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Linguasphere Observatory
The Linguasphere Observatory (or "Observatoire", based upon its original French and legal title: Observatoire Linguistique) is a transnational linguistic research network.Contents1 History 2 The Lingua sphere Register and Linguascale referential framework2.1 Examples 2.2 Languages of London 2.3 See also3 "Langues de la Liberté/Languages of Liberty" 4 "In the galaxy of languages, each person's voice is a star" 5 See also 6 References 7 External linksHistory[edit] It was created in Quebec
Quebec
in 1983 and was subsequently established and registered in Normandy
Normandy
as a non-profit association under the honorary presidency of the late Léopold Sédar Senghor, a French-language poet and the first president of Senegal
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Glottolog
Glottolog
Glottolog
is a bibliographic database of the world's lesser-known languages, developed and maintained first at the former Max Planck Institute for Evolutionary Anthropology in Leipzig, Germany, and since 2015 at the Max Planck Institute for the Science of Human History in Jena, Germany. Glottolog
Glottolog
provides a catalogue of the world's languages and language families, and a bibliography on the world's less-spoken languages
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Linguist List
The LINGUIST List is a major online resource for the academic field of linguistics. It was founded by Anthony Aristar in early 1990 at the University of Western Australia,[1] and is used as a reference by the National Science Foundation
National Science Foundation
in the United States.[2] Its main and oldest feature is the premoderated electronic mailing list, now with thousands of subscribers all over the world, where queries and their summarized results, discussions, journal table of contents, dissertation abstracts, calls for papers, book and conference announcements, software notices and other useful pieces of linguistic information are posted.Contents1 History 2 Services 3 Projects 4 References 5 External linksHistory[edit] Between 1991 and 2013 the resource has been run by Anthony Aristar and Helen Aristar-Dry
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ISO 639-3
ISO 639-3:2007, Codes for the representation of names of languages – Part 3: Alpha-3 code for comprehensive coverage of languages, is an international standard for language codes in the ISO 639 series. It defines three-letter codes for identifying languages. The standard was published by ISO on 1 February 2007.[1] ISO 639-3 extends the ISO 639-2 alpha-3 codes with an aim to cover all known natural languages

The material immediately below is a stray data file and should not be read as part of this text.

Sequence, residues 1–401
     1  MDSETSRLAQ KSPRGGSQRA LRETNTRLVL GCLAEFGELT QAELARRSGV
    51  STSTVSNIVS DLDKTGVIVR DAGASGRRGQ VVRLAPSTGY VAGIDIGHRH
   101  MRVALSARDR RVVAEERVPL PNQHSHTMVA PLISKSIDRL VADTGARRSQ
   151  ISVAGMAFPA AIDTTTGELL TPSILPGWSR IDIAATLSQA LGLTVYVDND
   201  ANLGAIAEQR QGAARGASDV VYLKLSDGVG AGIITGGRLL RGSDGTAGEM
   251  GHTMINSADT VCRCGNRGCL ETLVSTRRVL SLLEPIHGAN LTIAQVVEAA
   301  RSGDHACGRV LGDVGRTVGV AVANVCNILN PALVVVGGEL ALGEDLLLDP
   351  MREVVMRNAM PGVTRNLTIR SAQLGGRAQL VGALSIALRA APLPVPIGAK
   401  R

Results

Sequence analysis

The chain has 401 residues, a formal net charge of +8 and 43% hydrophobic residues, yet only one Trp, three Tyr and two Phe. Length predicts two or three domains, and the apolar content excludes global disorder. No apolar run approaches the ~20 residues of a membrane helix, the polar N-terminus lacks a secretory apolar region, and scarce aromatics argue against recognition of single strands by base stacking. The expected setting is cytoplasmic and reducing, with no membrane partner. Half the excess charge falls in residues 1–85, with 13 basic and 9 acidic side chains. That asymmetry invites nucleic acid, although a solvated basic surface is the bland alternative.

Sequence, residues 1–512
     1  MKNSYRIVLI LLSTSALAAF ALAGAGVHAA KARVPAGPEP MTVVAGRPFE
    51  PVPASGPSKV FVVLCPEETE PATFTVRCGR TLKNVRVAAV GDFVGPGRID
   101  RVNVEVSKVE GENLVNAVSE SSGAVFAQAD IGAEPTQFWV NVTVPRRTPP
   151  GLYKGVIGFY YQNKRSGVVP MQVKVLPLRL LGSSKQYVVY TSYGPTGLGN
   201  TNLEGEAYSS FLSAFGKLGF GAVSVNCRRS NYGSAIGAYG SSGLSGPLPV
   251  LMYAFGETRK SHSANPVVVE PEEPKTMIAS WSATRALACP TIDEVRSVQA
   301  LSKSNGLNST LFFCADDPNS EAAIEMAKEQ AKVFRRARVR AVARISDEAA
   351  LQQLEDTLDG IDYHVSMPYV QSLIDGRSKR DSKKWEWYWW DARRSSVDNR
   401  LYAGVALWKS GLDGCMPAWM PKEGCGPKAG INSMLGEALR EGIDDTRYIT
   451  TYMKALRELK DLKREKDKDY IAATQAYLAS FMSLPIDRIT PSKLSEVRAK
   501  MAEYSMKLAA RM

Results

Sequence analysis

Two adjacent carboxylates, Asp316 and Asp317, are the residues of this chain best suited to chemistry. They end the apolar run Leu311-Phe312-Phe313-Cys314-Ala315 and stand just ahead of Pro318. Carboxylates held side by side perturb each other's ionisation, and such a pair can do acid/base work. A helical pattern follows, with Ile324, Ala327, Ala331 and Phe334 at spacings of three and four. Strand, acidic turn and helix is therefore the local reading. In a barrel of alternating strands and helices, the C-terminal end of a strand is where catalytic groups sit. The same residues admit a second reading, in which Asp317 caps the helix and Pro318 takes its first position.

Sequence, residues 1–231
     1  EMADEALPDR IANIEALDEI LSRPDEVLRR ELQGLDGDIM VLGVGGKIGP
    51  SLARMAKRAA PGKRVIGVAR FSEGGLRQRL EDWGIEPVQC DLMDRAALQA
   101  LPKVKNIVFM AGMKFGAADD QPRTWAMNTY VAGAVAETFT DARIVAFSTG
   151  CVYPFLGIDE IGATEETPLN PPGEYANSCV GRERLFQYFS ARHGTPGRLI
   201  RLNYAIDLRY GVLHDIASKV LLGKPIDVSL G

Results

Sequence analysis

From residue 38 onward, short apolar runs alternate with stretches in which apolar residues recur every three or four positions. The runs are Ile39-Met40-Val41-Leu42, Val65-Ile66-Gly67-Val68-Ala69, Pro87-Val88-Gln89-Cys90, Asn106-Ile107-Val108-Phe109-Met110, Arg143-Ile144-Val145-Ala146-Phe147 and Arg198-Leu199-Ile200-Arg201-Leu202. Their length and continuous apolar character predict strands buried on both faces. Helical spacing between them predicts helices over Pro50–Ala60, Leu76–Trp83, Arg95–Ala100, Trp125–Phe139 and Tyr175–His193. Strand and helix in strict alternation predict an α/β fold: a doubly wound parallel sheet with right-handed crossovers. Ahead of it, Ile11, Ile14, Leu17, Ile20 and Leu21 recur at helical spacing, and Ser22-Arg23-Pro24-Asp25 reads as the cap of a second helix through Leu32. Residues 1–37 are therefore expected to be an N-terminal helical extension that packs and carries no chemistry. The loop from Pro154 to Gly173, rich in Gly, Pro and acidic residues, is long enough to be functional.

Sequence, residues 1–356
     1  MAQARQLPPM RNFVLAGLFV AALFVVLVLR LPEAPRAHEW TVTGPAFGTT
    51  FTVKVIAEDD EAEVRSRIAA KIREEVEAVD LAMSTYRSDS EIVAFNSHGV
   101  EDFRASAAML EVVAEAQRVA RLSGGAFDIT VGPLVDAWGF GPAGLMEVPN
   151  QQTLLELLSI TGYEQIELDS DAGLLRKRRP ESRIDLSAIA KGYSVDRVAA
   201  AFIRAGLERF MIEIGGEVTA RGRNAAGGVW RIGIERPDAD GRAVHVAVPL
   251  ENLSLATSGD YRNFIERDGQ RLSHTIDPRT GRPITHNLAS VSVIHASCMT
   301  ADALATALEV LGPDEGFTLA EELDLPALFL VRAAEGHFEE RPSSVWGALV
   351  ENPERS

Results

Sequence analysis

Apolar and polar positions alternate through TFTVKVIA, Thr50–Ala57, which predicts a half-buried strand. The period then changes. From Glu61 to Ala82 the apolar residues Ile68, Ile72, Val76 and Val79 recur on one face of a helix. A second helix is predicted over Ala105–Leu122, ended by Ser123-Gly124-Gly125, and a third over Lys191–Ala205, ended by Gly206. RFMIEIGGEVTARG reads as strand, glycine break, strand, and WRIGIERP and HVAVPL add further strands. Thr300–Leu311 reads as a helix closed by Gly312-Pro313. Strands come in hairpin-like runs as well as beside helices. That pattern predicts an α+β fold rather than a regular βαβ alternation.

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ISO 639-2
 ISO 639-2:1998, Codes for the representation of names of languages — Part 2: Alpha-3 code, is the second part of the ISO 639 standard, which lists codes for the representation of the names of languages. The three-letter codes given for each language in this part of the standard are referred to as "Alpha-3" codes. There are 464 entries in the list of ISO 639-2 codes. The US Library of Congress
Library of Congress
is the registration authority for ISO 639-2 (referred to as ISO 639-2/RA)
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ISO 639-1
 ISO 639-1:2002, Codes for the representation of names of languages — Part 1: Alpha-2 code, is the first part of the ISO 639 series of international standards for language codes. Part 1 covers the registration of two-letter codes. There are 184 two-letter codes registered as of October 2015. The registered codes cover the world's major languages. These codes are a useful international and formal shorthand for indicating languages
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Signed Tamil
In mathematics, the concept of sign originates from the property of every non-zero real number of being positive or negative. Zero itself is signless, although in some contexts it makes sense to consider a signed zero, and in some contexts it makes sense to call 0 its own sign. Along with its application to real numbers, "change of sign" is used throughout mathematics and physics to denote the additive inverse (negation, or multiplication by −1), even for quantities which are not real numbers (so, which are not prescribed to be either positive, negative, or zero)
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Manually Coded Language
Manually coded languages are not themselves languages but are representations of oral languages in a gestural-visual form; that is, signed versions of oral languages (signed languages). Unlike the sign languages that have evolved naturally in Deaf communities, which have distinct spatial structures, these manual codes (MCL) are the conscious invention of deaf and hearing educators, and mostly follow the grammar of the oral language—or, more precisely, of the written form of the oral language